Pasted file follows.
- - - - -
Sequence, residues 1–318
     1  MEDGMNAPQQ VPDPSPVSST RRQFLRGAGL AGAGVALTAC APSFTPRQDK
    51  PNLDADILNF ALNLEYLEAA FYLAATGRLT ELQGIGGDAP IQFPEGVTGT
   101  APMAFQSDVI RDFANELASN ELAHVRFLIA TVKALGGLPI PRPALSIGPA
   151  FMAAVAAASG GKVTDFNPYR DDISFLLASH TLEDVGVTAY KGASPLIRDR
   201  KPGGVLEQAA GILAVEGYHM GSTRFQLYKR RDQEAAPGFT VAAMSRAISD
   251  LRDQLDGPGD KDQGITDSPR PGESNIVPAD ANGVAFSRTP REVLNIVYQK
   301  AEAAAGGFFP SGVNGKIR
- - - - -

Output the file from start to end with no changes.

Sequence, residues 1–318
     1  MEDGMNAPQQ VPDPSPVSST RRQFLRGAGL AGAGVALTAC APSFTPRQDK
    51  PNLDADILNF ALNLEYLEAA FYLAATGRLT ELQGIGGDAP IQFPEGVTGT
   101  APMAFQSDVI RDFANELASN ELAHVRFLIA TVKALGGLPI PRPALSIGPA
   151  FMAAVAAASG GKVTDFNPYR DDISFLLASH TLEDVGVTAY KGASPLIRDR
   201  KPGGVLEQAA GILAVEGYHM GSTRFQLYKR RDQEAAPGFT VAAMSRAISD
   251  LRDQLDGPGD KDQGITDSPR PGESNIVPAD ANGVAFSRTP REVLNIVYQK
   301  AEAAAGGFFP SGVNGKIR